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‘It Was Best Not To Say Much’

It was one of modern cricket’s best contests, a matching of skills that will go down in the annals of the game.

‘It Was Best Not To Say Much’
AFP (From Outlook 29 April 2013)
‘It Was Best Not To Say Much’

It was one of modern cricket’s best contests, a matching of skills that will go down in the annals of the game. One of the subjects, Glenn McGrath, remembers most of his duels with Sachin. Here’s McGrath talking about his contests with the best batsman of his era.

Sachin vs Mcgrath was the battle royale of contemporary cricket—how do you look back at this contest?

I always enjoyed it. It was a huge challenge throughout my career to face the best in the world and Sachin was definitely one of those. He remains a top class player and has ensured a place in the history books for scoring the most runs in Test cricket, a record that I think will never be broken. He is technically correct and mentally strong—I have nothing but respect for him.

You had great success against Sachin in the 1999 tour of Australia. Did you have special plans against him? How did you prepare yourself?

In Australia you get a little extra bounce and sideways movement, so I just tried to put the ball in the right areas and use the movement against him. I never prepared differently against Sachin but loved the competition.

At the 2000 Champions Trophy, Sachin attacked you from the word go and, though he made less than 40, that innings had a defining impact on the game. How do you look back at the match? Did you two try to mentally outsmart each other?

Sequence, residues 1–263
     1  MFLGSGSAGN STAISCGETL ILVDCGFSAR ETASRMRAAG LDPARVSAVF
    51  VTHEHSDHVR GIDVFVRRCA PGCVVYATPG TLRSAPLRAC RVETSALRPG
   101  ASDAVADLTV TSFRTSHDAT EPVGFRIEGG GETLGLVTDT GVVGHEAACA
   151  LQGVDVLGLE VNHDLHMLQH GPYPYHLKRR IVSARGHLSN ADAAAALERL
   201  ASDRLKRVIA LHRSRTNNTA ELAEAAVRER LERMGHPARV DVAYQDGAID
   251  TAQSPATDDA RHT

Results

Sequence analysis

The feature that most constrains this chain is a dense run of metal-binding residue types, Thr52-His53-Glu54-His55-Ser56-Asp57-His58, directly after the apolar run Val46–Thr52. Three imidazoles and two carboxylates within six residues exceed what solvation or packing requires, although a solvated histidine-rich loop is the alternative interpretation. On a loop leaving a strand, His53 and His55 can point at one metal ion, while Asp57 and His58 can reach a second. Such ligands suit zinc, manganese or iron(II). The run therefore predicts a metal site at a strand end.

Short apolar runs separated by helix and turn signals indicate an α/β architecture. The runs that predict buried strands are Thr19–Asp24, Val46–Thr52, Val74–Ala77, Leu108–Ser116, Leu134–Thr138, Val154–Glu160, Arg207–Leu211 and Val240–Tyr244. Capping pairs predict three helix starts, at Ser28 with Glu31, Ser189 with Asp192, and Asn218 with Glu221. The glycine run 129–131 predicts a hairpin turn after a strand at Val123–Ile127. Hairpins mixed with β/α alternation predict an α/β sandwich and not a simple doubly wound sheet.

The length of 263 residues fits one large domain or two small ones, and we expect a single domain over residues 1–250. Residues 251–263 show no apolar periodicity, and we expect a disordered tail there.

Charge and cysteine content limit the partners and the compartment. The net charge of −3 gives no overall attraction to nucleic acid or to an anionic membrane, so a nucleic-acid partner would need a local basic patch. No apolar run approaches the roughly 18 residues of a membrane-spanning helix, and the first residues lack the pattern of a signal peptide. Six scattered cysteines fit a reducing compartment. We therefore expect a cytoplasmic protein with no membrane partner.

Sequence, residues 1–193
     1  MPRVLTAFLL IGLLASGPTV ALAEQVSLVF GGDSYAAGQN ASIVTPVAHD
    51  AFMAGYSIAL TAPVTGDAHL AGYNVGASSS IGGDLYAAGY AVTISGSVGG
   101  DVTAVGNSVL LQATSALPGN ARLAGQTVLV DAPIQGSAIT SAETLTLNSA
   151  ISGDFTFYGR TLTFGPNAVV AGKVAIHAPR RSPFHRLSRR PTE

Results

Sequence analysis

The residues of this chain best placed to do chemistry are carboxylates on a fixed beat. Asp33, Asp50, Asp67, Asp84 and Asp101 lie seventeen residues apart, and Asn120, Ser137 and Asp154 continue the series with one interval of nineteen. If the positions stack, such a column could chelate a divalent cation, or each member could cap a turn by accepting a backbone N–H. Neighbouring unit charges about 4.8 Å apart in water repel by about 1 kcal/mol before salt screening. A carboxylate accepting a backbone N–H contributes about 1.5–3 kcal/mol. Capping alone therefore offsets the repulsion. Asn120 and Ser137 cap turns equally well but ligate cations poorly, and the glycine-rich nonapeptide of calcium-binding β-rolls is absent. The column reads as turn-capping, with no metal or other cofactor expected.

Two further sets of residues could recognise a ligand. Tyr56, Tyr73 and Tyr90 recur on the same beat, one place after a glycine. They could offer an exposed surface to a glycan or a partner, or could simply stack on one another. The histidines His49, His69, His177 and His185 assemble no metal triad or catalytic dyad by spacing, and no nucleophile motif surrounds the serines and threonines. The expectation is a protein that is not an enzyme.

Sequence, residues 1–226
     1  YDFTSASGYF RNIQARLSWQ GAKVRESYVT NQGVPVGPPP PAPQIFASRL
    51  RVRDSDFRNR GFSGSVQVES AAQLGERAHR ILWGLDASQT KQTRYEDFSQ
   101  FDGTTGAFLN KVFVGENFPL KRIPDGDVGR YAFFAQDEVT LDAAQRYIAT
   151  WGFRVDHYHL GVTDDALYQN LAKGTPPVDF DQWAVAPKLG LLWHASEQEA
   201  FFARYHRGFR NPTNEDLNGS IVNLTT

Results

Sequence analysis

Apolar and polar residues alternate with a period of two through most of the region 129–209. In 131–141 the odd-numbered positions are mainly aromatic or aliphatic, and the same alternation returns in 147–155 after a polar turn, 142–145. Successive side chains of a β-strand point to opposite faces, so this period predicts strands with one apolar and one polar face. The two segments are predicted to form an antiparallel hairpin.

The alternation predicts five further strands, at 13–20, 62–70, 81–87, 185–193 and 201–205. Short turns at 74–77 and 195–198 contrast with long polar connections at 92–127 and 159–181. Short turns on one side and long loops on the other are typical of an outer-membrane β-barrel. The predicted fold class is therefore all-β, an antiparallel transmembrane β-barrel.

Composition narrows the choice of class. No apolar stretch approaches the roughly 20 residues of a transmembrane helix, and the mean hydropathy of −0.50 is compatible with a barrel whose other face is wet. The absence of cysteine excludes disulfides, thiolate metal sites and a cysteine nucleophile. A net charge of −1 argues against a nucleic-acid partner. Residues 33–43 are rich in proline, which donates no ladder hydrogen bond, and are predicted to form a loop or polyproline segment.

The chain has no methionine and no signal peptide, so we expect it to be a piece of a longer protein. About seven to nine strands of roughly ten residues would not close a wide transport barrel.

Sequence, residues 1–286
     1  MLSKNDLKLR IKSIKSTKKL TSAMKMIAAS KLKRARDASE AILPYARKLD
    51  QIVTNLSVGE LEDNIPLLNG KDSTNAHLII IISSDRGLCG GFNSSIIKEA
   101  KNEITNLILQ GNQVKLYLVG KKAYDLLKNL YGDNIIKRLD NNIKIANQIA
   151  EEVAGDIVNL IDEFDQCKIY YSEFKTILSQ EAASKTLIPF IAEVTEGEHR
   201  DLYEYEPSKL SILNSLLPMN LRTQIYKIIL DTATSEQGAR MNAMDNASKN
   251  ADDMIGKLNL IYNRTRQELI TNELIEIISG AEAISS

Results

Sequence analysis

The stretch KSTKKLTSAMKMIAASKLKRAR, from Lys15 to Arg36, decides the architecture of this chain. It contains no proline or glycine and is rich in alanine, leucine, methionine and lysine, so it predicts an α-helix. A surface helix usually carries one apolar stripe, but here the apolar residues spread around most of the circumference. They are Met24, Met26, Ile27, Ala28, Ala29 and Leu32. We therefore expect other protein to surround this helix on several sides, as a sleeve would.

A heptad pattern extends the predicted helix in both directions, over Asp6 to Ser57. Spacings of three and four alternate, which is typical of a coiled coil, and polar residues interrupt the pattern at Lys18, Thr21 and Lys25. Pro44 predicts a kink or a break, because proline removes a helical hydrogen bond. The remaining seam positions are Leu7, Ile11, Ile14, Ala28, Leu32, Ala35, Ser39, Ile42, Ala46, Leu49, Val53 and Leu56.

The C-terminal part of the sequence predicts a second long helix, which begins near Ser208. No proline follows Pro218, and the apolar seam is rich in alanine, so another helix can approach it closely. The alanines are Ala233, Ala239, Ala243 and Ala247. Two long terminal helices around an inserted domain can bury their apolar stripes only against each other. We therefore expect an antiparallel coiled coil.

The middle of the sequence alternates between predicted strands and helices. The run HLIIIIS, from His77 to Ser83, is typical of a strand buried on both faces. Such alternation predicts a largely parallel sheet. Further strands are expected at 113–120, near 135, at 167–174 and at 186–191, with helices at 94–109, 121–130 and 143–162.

At the top level, it’s always a mental game—bowlers and batsmen trying to find an edge over one another is what it’s all about. I remember that game in Kenya. Early on, Sachin played a pull shot that went straight up in the air, but the breeze carried it just over the boundary for six. I felt a little unlucky, because anywhere else it would have been a good chance to get him out with an easy catch. After that moment I gave Sachin a little sledge—one of the only times I did that in my career. He proceeded to smash us all over the ground.

Sachin has played some of his greatest knocks in Australia. Would you rate him as one of the most difficult batsmen to bowl to? Why do you think the Australian public loves him so much?

Definitely. He’s the little master. Australia is a sports-mad nation and love their cricket, especially players of the highest calibre. Back when Don Bradman played he had a wor­ldwide profile; I think Sachin enjoys a similar adulation as he’s at that level. He was a massive challenge. Sometimes I enjoyed success; at others he scored some big 100s.

Often fast bowlers give the batsman a glare or exchange some words to ruffle them up. Would the same strategy work against Sachin, or would it make him that much more determined?

I think you’d probably have to ask Sachin, but I always felt it made him more determined. My success against him came when I didn’t say a great deal. I realised quickly it was best not to talk too much.

What explains his longevity and consistency?

It has been unbelievable, hasn’t it? Especially to see him still doing well in Tests. His passion and commitment to cricket is evident by the fact that he still competes in the Ranji Trophy in between Test series.

Finally, one incident involving Sachin that you’ll never forget—your enduring Tendulkar memory?

There are so many, it’s hard to pinpoint one. I remember clearly the days he smashed us around for 100s, but also the World Cup back in 2003 when he hit me for four off the second ball and I happened to get him out next ball. I’ll always remember Sachin as a quality cricketer, one of the best of all time. Importantly, he’s also a great bloke, one of the nicest I have met in the game.

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